Some clinical research has specifically addressed short term effects in users, and one of the most well-known is the study which found an increase in airway resistance after e-cig use. This finding has since been contradicted, and in a study which compared e-cigarettes to tobacco cigarettes, only tobacco was found to have an effect on airways. Other studies have shown that e-cigarettes have no acute effect on cardiovascular functioning, with only a slight effect on the lower blood pressure reading being observed after vaping, compared to sustained and significant effects on both readings after smoking.
The researchers also go over the existing evidence on “passive” or second-hand vaping. Given the relative safety of e-cigs for first-hand use, it shouldn’t come as much of a surprise that there is virtually no risk at all.
To illustrate, one study looking for formaldehyde emissions actually found that the dominant effect was from the exhaled breath even before vaping, since people exhale formaldehyde in small quantities anyway.
For all organic carbon-based chemicals (such as acrolein and polycyclic aromatic hydrocarbons), the amount you’d be exposed to as a bystander after five hours of vaping in a room is equal to just 11 minutes of smoking.
For heavy metals, the levels when dispersed into a room would be undetectable and wouldn’t pose a health risk. In fact, any research suggesting any potential of risk to bystanders has suffered methodological issues, and in general, there’s nothing to worry about.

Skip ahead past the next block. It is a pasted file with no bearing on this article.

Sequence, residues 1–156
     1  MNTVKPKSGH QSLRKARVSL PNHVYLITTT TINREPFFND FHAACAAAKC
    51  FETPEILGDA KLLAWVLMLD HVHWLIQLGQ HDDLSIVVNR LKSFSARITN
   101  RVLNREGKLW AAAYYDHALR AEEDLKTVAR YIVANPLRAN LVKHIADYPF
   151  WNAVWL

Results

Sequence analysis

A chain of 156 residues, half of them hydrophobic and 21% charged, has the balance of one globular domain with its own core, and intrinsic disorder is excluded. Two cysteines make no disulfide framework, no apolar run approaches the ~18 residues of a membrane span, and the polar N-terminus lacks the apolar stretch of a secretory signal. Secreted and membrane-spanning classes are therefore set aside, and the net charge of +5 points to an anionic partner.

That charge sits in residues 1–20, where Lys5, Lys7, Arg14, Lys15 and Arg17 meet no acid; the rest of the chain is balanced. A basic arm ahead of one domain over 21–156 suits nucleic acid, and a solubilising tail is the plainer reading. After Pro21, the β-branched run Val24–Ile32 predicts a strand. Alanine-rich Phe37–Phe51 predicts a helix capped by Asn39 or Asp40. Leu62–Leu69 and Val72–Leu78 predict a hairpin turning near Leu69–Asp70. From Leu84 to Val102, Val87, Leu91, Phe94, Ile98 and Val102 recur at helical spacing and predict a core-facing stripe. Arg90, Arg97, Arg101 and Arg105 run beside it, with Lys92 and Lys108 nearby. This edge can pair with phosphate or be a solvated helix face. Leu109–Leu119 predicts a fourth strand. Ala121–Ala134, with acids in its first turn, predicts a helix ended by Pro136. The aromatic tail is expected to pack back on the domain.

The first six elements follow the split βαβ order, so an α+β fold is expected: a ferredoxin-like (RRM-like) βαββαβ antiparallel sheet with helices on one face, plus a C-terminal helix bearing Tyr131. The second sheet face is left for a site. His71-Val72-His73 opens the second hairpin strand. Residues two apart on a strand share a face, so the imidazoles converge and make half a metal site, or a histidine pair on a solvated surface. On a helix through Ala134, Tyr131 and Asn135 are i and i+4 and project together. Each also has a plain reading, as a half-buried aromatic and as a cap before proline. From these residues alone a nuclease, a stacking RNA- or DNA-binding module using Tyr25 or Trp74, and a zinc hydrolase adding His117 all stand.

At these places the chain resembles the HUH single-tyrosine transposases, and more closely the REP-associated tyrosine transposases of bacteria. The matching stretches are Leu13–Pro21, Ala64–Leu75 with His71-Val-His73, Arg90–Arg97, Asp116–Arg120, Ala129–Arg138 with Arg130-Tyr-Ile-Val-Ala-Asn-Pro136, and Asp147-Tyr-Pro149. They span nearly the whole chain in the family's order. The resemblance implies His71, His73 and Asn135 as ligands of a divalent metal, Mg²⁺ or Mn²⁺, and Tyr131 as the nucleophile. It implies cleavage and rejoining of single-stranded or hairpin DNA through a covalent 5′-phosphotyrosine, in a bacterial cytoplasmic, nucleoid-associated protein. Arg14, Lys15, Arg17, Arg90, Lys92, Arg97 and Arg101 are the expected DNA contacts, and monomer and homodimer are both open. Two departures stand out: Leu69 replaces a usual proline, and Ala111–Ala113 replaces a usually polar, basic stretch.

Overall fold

E-Cigarettes, Children, Poisonings and Explosions
The paper then covers many miscellaneous issues – such as a study which showed e-cigs may be an effective method of smoking cessation for schizophrenics (who are currently unable to use medical treatments because of potential side effects) – and does a little bit of myth-busting. They detail the extensive evidence that, even without explicit laws banning youth e-cig use in many places, the overwhelming majority of youths who use e-cigs do so because they’re smokers, with use by non-smokers being consistently low across studies. Even the CDC study people got so worried about only found that 0.5 percent of the whole sample were non-smokers who’d tried an e-cig at least once in the 30 days preceding the survey. There is no issue with non-smoking youth starting to vape regularly, and the “gateway” hypothesis has no supporting evidence. The researchers even suggest that the “gateway” e-cigs provide is merely one out of smoking.